Freedom is the right to be wrong, not the right to do wrong. - John Diefenbaker

Carol Haynes

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Re: Mid-range DSLR Camera Recommendations
« Reply #15 on: February 03, 2013, 11:22:29 AM »
What about this?  ;D



Hey I want one! Be really good for astronomy, but you'd need a hell of a telescope to mount it!!!

tomos

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Re: Mid-range DSLR Camera Recommendations
« Reply #16 on: March 23, 2013, 09:50:58 AM »
So, what did you go for Josh?

FWIW there's a new mini dslr from Canon due in April:
Canon EOS Rebel SL1 (EOS 100D)
Preview here:
http://www.imaging-r...n-sl1/canon-sl1A.HTM
~ $800 with kit lens
 
Tom

Renegade

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Re: Mid-range DSLR Camera Recommendations
« Reply #17 on: March 23, 2013, 10:11:04 AM »
So, what did you go for Josh?

Yes! Very curious here! :)
Slow Down Music - Where I commit thought crimes...

Freedom is the right to be wrong, not the right to do wrong. - John Diefenbaker

Lutz_

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Re: Mid-range DSLR Camera Recommendations
« Reply #18 on: March 23, 2013, 10:39:26 AM »
Just one more very late opinion. If you are into sports photography or birding a DSLR is still required.  
If not, than DSLRs are outdated.  Mirrorless is the way to go.  Even there, the autofocus of the olympus and panasonic top models is almost, almost already equaling the phase detection based AF systems of DSLRs.
I would suggest to dump the annoying mirror, for usable autofocus in video, real live view, focus peaking, and much better portability, touchscreen UI, etc. There is no way I would want to go back to mirror flapping systems.  The sony alpha DSLT cameras (working with minolta and sony lenses; they have a non-moving mirror) is a great compromise, though for sports and birding like demands.
Sure, most people are still buying CaNikons DSLRs, because of the deeply ingrained image and their marketing big bucks - but innovation is happening elsewhere.  Please note that the mirrorless offerings from Canon and Nikon themselves are carefully designed so that they can't compete with DSLRs (thus they can't compete with the mirrorless systems from Olympus, Panasonic, Sony, Fujifilm, or Samsung either).
« Last Edit: March 24, 2013, 10:29:41 AM by Lutz_ »

tomos

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Re: Mid-range DSLR Camera Recommendations
« Reply #19 on: December 16, 2013, 11:14:47 AM »
Mirrorless is the way to go.  Even there, the autofocus of the olympus and panasonic top models is almost, almost already equaling the phase detection based AF systems of DSLRs.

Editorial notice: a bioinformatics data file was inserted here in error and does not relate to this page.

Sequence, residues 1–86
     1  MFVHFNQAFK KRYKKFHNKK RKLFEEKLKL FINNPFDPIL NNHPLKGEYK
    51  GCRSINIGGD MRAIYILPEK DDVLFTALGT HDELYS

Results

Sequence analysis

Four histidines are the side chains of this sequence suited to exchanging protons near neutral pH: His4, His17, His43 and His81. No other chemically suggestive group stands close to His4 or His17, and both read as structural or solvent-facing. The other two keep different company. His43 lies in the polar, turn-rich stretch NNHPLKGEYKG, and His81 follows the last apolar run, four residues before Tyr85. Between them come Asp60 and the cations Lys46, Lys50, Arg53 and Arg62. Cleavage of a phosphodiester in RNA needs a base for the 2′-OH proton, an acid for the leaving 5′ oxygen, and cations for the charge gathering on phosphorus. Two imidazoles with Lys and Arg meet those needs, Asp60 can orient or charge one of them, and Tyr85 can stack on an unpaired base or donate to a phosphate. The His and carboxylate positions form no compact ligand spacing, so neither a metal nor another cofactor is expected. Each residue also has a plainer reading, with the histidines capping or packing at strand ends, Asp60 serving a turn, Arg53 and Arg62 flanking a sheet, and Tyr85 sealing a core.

I would suggest to dump the annoying mirror, for usable autofocus in video, real live view, focus peaking, and much better portability, touchscreen UI, etc. There is no way I would want to go back to mirror flapping systems.  The sony alpha DSLT cameras (working with minolta and sony lenses; they have a non-moving mirror) is a great compromise, though for sports and birding like demands.
(my emphasis)

The Sony (Alpha) AR7 gets best camera 2013 from Imaging Resource's Best Cameras 2013 (dc link).
The Sony A7 shares second place with the Olympus E-M1.

Of course there are cheaper recommendations.
Thankfully ;)
Tom

xtabber

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Re: Mid-range DSLR Camera Recommendations
« Reply #20 on: December 17, 2013, 10:07:55 AM »
If you decide that a DSLR is really where you want to go, let me suggest a dark horse candidate: the Pentax K-30.

+1 to everything in CWuesterfeld's post, but the K-30 has been superseded by the K-50, which is the same camera with slightly different styling (Pentax took some flack for the K-30's "aggressive"appearance) and updated electronics. Same great value though.


Mark0

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Re: Mid-range DSLR Camera Recommendations
« Reply #21 on: December 17, 2013, 10:23:42 AM »
I got myself a used but in perfect condition Olympus OM-D E-M5, and I'm very happy with it. The in body stabilization is fantastic. I have done some shots with a 90mm equivalent lens, free hand, with 1" exposure, and the results are very nice.

IainB

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Re: Mid-range DSLR Camera Recommendations
« Reply #22 on: December 29, 2013, 02:27:35 AM »
I always thought of DSLRs as having been designed "for taking still pictures".
Changed my thinking a bit after reading this and looking at some of the videos:
More Than Just Photography: 10 Videos Shot With DSLR Cameras

The one on "Stone lithography" was pretty interesting.